There’s no electricity powering the cooking at Kiln; it’s just used to run the rice cooker and the fridge. No gas either. The cooking is done over smouldering coals and in the eponymous wood-burning kiln. If you can get a seat at the counter, you’ll be in prime position to watch the magic happen. It’s dinner and a show. While such rustic cooking might not be magic per se, there is an admirable back-to-roots feeling at work here. The woks, one of the fundamental pieces of cookware in the kitchen, are hand-hammered and owner Ben Chapman even helped build the kiln himself.
And it’s used to great effect. The food here is inspired by regional Thai cooking, with flavours from Yunnan and Burma thrown in for good measure. Needless to say, it can be spicy – but have a word with the knowledgeable staff here and the spice kilowattage can be dialled down. While the dishes change according to what gets delivered by their fleet of local and regional suppliers, keep an eye out for the aged lamb skewers, which are grilled to crisp, cumin-coated perfection. And the clay pot-cooked Tamworth pork belly and brown crab meat is a winner, as is the five spice duck and offal dish with aged soy.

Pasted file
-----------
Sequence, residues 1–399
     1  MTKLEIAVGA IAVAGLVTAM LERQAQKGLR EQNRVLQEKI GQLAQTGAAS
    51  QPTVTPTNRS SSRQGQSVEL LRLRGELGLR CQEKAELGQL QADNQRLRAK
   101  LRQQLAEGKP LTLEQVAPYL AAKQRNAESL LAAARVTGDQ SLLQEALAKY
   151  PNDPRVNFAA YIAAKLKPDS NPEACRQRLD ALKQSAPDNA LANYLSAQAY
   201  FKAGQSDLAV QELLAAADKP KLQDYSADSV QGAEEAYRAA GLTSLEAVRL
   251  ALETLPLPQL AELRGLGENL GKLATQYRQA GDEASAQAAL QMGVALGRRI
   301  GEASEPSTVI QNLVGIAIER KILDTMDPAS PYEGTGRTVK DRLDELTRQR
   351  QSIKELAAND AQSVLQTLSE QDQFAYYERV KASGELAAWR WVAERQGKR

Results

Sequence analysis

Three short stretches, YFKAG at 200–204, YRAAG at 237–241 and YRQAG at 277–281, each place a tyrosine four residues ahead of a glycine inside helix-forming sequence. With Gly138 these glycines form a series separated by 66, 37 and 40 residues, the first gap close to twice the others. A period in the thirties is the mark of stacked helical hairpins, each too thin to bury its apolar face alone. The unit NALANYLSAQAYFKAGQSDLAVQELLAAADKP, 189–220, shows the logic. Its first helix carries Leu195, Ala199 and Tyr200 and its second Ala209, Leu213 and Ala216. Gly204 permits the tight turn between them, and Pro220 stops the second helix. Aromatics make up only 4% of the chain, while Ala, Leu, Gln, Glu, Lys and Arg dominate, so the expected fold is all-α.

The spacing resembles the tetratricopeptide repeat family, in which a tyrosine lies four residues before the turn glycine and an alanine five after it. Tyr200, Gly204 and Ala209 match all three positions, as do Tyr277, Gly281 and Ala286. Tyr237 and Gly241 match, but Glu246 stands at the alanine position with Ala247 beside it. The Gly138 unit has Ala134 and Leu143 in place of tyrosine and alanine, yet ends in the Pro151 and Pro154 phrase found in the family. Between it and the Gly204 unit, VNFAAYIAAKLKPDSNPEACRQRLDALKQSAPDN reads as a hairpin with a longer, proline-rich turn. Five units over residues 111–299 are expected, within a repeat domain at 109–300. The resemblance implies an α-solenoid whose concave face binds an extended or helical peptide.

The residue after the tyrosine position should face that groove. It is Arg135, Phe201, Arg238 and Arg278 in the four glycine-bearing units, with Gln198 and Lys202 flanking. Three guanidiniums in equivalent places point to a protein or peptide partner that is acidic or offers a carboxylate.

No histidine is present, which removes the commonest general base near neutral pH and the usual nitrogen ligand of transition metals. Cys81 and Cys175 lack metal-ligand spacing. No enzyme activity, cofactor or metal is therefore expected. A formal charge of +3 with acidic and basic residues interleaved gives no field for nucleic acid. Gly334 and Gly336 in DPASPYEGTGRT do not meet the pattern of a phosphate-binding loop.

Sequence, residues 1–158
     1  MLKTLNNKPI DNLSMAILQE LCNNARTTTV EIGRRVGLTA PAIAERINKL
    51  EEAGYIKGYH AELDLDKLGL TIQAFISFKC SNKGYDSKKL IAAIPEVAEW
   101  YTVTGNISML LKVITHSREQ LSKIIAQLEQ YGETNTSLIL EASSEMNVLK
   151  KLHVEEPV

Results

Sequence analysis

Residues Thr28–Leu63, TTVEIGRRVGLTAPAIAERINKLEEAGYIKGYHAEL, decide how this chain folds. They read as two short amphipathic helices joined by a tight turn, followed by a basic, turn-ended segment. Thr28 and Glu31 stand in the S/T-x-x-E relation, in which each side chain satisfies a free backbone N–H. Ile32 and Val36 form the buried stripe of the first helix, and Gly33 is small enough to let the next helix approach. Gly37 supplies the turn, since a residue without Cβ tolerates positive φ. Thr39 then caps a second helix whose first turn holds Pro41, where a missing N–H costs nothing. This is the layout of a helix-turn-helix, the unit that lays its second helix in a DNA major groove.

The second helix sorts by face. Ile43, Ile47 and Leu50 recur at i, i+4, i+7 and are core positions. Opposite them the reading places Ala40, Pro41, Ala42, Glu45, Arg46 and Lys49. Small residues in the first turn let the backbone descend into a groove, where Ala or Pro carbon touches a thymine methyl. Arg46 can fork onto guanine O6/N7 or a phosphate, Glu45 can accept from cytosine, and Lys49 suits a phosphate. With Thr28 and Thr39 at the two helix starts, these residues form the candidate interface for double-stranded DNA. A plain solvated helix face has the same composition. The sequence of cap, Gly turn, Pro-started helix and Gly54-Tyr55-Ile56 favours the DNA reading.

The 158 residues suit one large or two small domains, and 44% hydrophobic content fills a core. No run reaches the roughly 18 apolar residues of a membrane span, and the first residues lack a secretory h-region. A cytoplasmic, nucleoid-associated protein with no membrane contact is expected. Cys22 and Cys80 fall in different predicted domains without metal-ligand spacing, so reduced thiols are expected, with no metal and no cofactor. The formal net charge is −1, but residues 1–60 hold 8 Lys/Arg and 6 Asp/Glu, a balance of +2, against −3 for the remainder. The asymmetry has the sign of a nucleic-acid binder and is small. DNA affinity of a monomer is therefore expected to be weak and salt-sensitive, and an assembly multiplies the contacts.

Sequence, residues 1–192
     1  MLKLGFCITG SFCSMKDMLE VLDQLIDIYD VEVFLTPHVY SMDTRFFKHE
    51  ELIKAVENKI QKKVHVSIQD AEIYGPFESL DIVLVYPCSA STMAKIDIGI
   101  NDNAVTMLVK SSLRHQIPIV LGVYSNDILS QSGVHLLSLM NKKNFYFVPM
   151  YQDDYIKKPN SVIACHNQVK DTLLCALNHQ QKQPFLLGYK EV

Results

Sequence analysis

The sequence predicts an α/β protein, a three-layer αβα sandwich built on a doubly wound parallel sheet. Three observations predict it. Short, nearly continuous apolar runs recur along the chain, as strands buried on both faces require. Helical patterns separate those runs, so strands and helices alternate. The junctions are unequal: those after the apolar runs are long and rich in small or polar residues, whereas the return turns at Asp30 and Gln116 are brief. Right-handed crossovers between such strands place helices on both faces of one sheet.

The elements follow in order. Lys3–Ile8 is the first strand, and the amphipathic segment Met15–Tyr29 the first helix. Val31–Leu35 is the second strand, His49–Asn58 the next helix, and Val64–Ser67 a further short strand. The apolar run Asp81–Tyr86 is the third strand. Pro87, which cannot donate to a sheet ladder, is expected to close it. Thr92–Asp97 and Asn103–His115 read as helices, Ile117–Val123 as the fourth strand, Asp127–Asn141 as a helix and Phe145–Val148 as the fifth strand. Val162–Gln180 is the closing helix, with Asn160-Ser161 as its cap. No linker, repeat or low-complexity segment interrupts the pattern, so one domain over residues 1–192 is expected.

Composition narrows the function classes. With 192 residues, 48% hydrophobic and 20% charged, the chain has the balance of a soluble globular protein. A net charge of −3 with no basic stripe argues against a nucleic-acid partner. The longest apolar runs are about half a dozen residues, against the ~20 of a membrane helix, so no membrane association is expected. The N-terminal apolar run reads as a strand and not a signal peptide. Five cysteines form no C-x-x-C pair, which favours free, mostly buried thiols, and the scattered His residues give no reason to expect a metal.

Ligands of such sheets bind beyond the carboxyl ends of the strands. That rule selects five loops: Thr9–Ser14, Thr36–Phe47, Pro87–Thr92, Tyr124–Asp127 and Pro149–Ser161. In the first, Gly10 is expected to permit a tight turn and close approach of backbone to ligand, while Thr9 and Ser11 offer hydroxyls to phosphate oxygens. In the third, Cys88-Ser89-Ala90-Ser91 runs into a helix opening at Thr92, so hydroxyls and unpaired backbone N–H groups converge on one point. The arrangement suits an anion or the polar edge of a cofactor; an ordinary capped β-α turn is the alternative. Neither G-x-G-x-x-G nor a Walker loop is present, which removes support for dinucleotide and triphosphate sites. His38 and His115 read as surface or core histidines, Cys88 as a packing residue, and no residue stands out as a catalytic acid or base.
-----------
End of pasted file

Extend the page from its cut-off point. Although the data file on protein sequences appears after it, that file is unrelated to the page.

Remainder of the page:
All the ingredients have been sourced with an eye to impeccable quality. Sean O’Neil grows the Chinese and Thai herbs and vegetables, and Phillip Warrens farmers delivers pigs and hogget (aged lamb). There are no paltry small cuts here; animals are delivered whole. And seafood is freshly-caught. With all this on offer, it’s really no wonder that Kiln remains walk-ins only, unless you come with a group. So be prepared to wait (just leave your name and they’ll ring you when your table’s ready), but stay the course – it’s worth it.